for, among other diseases, several cancers, including a small proportion of
cancers of the breast, colon, and thyroid. Most such techniques are used
without any current prospect for gene therapy or for any other effective
treatment of the conditions identified. Geneticists such as Francis Collins,
director of the Human Genome Project, have opposed unrestricted and unregulated
screening techniques, describing their recent uses as "alarming" because we
are "treading into a territory which the genetics community has felt rather
strongly is still [in the stage of] research." Hamer's fine words opposing
genetic manipulation are likely to mean little in the marketplace if his work
eventually leads to the isolation of a gene that has an effect on sexual
preference, even if it has only a small effect that is present in only a
limited number of people. US state legislatures are slowly responding to these
issues. Colorado recently became the eleventh state to enact a law preventing
information derived from genetic testing to be used in a discriminatory
In recognition of the emerging risks from dubious applications of preliminary
discoveries, NIH launched a Task Force on Genetic Testing in April. The
twenty-member committee includes representatives from industry, managed-care
organizations, and patient-advocacy groups, and is chaired by Neil A. Holtzman,
a professor of pediatrics and health policy at Johns Hopkins University. Far
from being a friend to the hyperbolists, Holtzman has written that "physicians
should be at the forefront of decrying florid genetic determinism and its dire
implications for health and welfare reform." His committee is charged with
performing a two-year study of genetic technologies, which will look
specifically at the accuracy, safety, reliability, and social implications of
new testing procedures. This move is not without self-interest on the part of
the geneticists at the NIH. Members of the US Congressional House
Appropriations Committee, which closely monitors NIH spending, have said that
they may freeze the Human Genome Project's $153 million grant if ethics issues
are not given close attention.
But sex-based research has already run into political trouble. The Council for
Citizens Against Government Waste has charged that some NIMH research is a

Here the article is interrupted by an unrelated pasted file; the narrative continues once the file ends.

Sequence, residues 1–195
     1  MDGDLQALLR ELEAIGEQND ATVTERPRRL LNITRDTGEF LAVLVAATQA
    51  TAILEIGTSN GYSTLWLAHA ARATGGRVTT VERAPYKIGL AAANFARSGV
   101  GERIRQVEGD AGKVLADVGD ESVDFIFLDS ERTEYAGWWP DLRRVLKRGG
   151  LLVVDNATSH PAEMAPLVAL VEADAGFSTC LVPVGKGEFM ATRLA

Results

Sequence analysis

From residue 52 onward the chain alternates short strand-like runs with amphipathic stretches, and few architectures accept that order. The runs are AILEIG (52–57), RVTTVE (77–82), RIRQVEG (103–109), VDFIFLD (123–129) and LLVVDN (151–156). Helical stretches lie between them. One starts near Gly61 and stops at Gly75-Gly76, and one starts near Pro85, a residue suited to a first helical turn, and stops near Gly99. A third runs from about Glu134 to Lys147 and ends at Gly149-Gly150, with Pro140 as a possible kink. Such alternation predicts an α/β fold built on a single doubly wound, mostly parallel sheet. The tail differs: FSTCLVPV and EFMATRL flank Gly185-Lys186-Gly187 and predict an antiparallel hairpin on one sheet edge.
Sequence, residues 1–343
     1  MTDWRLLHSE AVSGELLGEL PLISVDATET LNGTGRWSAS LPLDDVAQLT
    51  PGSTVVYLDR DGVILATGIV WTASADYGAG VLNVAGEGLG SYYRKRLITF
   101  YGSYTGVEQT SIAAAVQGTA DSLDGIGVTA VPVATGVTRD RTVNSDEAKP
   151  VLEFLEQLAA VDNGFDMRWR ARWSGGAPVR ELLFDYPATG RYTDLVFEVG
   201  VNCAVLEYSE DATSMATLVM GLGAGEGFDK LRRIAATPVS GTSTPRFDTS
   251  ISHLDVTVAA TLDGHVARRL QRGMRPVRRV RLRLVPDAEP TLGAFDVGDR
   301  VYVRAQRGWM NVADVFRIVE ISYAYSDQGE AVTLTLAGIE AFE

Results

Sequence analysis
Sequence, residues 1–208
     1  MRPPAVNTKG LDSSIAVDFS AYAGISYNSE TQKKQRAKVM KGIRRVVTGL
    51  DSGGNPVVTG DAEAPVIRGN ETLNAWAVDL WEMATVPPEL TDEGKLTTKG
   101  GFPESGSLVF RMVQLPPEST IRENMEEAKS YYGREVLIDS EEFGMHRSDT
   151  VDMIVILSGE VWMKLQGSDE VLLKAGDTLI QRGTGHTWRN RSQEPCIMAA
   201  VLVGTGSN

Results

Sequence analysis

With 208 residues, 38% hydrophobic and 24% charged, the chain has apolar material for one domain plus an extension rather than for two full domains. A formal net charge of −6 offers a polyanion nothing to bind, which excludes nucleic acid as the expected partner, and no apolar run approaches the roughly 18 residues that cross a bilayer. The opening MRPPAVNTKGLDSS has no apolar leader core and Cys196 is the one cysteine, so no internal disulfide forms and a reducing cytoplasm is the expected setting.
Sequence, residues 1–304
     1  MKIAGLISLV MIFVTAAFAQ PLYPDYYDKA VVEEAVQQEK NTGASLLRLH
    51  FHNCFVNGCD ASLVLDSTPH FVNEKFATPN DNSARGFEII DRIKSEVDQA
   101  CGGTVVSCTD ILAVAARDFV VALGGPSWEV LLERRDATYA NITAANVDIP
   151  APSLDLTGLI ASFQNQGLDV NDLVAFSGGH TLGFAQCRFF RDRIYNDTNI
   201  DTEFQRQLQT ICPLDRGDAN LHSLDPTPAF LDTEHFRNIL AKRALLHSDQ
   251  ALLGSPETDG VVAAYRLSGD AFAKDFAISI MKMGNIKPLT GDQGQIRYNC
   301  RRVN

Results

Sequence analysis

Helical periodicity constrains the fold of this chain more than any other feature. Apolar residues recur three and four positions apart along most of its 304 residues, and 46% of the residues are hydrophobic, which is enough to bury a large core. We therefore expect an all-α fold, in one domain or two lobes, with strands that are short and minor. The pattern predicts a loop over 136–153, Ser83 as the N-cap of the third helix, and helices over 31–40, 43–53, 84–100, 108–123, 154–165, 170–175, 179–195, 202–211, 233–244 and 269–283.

misuse of taxpayer's money. Tom Schatz, CCAGW's president, has criticized
twenty such studies, including one involving research into sex offenders. Rex
Cowdry, acting director of the National Institute of Mental Health, argues that
"for these grants, I think first you have to believe that the factors that
motivate and control sexual behavior are worth knowing about...you have to
believe that knowing more about how men and women are both similar and
different is important."
With such partisan pressures dominating the future of the research agenda, the
circulation of uninformed opinions couched in scholarly prose is a cause for
anxiety. In an otherwise superb and iconoclastic critique of the history of
heterosexuality, Jonathan Katz ends with a sweeping and badly informed
Biological determinism is misconceived intellectually, as well as politically
loathsome...Contrary to today's bio-belief, the heterosexual/homosexual binary
is not in nature, but is socially constructed, therefore deconstructable.
LeVay and Hamer on the one hand, and Katz, on the other, evidently have taken
completely antithetical positions. But Katz's extreme intellectual reductionism
makes him as guilty as the more simplistic biologists and journalists who
inflate claims about every new genetic discovery. After convincingly
undermining the distinction between gay and straight, he then accepts the naive
dualism of nature vs. nurture. It is such attempts as Katz's to put into
opposition forces that are not in opposition which argue so strongly for
planned research free from the ideological temptations that he succumbs to.
Biological research into sexuality will indeed be misconceived if we assume
that we already understand the differences between the sexes. In part the
results of that research often contradict any such assumption. Katz demands
that "we need to look less to oracles [presumably biological], and trust more
in our desires, visions, and political organizing." But to take this path risks
perpetuating a debate based on ignorance rather than one based on evidence.
It is true that the research of Hamer and LeVay presents technical and
conceptual difficulties and that their preliminary findings obviously need
replication or refutation. Yet their work represents a genuine epistemological
break away from the past's rigid and withered conceptions of sexual preference.
The pursuit of understanding about the origins of human sexuality --the quest
to find an answer to the question, What does it mean to be gay and/or
straight?--offers the possibility of eliminating what can be the most
oppressive of cultural forces, the prejudiced social norm.
1 See Perversions: Psychodynamics and Therapy, edited by Sandor Lorand and
Michael Balint (Ortolan Press, 1965; first edition, Random House, 1956), p.
2 Quoted in Kenneth Lewes, The Psychoanalytic Theory of Male Homosexuality
(Simon and Schuster, 1988), p. 188.
3 See Bernard J. Oliver, Jr., Sexual Deviation in American Society (College and